One Grows Old, One Grows Up

Pio Marmaï and Jérémie Elkaïm in Nicolas Mercier’s “Grand Départ.” | RIALTO PREMIERES

Pio Marmaï and Jérémie Elkaïm in Nicolas Mercier’s “Grand Départ.” | RIALTO PREMIERES

BY GARY M. KRAMER | In the pre-credit sequence of “Grand Départ,” Romain (Pio Marmaï) explains that while he is hard working in his career, his personal life is a mess. He feels he is way behind his friends in meeting the right girl and starting a family, and he and his gay older brother, Luc (Jérémie Elkaïm), have never understood each other. When we see Romain bored listening to Wagner while Luc swoons, it may be a formulaic way to emphasize that the older brother is gay but it does confirm their odd-couple differences.

This small but touching film depicts how the brothers cope when their father, Georges (Eddy Mitchell), develops Lewy body dementia, a disorder not unlike Alzheimer’s.

In “Grand Départ,” it is the straight brother who, though financially successful, is uncomfortable with himself — screwing up at work, in his romantic encounters, with his friends, and with his family — and needs to grow up and find himself. Luc, in contrast, has a boyfriend, Adrian (Willy Cartier), a job as a screenwriter, and a big group of friends and is his father’s favorite. That it is Romain who feels persecuted by life is a nice twist the film mines for comedy.

Nicolas Mercier’s French comedy probes the trials of the straight prodigal son

Though anxious to make a good impression at work, he falls asleep at his desk. As godfather to a friend’s baby, Romain embarrasses himself at the baptism vomiting on a child, and he is no more adept at handling the trouble that ensues when his father attacks another resident in his nursing home. After meeting the striking Séréna (Zoé Félix) at one of Luc’s parties, Romain is warned off by his brother, who insists she is out of his league. Still, after an erotic dream about her, Romain launches a fumbling effort to court her.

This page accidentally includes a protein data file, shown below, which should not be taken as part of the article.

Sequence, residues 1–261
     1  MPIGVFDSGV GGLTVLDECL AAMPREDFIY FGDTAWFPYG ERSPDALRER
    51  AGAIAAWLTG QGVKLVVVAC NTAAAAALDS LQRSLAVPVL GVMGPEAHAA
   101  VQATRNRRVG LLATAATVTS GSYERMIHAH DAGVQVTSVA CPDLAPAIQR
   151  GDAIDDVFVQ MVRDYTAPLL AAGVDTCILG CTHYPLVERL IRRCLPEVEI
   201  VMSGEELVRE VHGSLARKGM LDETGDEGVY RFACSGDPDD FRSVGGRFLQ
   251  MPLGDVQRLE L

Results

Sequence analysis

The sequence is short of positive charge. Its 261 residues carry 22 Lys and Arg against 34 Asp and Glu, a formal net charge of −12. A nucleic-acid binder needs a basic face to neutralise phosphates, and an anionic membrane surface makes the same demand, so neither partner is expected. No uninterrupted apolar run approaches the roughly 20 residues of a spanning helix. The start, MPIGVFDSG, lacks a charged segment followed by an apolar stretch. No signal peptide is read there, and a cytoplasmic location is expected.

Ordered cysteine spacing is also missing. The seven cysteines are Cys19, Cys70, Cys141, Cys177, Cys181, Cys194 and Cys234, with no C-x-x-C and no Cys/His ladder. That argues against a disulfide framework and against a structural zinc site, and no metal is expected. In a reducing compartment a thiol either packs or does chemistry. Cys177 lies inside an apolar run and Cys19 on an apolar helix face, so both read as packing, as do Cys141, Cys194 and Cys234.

Through a series of personal and professional crises, we see how an uptight Romain falls apart and, in time, finds himself. Surrounded by people who are happier than he is, Romain suffers, but it’s impossible to escape the conclusion that he would be more sympathetic if he were not such a boob. Except with women, Romain carries himself with a superior air, and his sense of entitlement gets him into trouble. Only by being humbled can he get ahead.

In Romain’s eyes, Luc is a threat, and disagreement over how to medicate their father divides the brothers. When during a family lunch a forgetful Georges asks Luc about his love life, Romain is all too happy to corner his older brother into having to come out again, willing to do what he must to become the favorite son. On that score, however, Romaine gets a reality check when he takes Georges out to a McDonald’s and gets an earful he does not expect. It may be the film’s most affecting moment.

It is the stress of multiple pressures that has Romain coming unglued. At a costume party, he is acting inappropriately until a distress call from Luc, who needs fast cash, interrupts his silly antics. In helping out Luc, Romain learns something unsavory about his golden boy older brother, something also true about his father. That Georges confided his sins only to Luc irks Romain, but he eagerly seizes the moral high ground. He also begins to see that people are more complicated that he thought.

Even if Romain is not Georges’ favorite, the younger son’s attention to his father — taking him out for nightly walks to keep him out of trouble at his nursing home — offers some sensitive moments between the two. Even if the film glosses over some of the most important issues in their relationship, we do see them bond.

The handsome Marmaï is alternately affable and smug as Romain and manages to make his transformation over the course of the film credible. Elkaïm, who may be most famous to queer viewers from his role as the gay teen in Sébastien Lifshitz’s 2000 “Come Undone,” has less to do as Luc, but creates a winning character who is likable even when he misbehaves.

“Grand Départ” may feel a bit made-for-TV, but its heart is in the right place.

GRAND DÉPART | Directed by Nicolas Mercier | In French, with English subtitles | Rialto Premieres | Opens May 23 | Village East | 189 Second Ave. at 12th St. |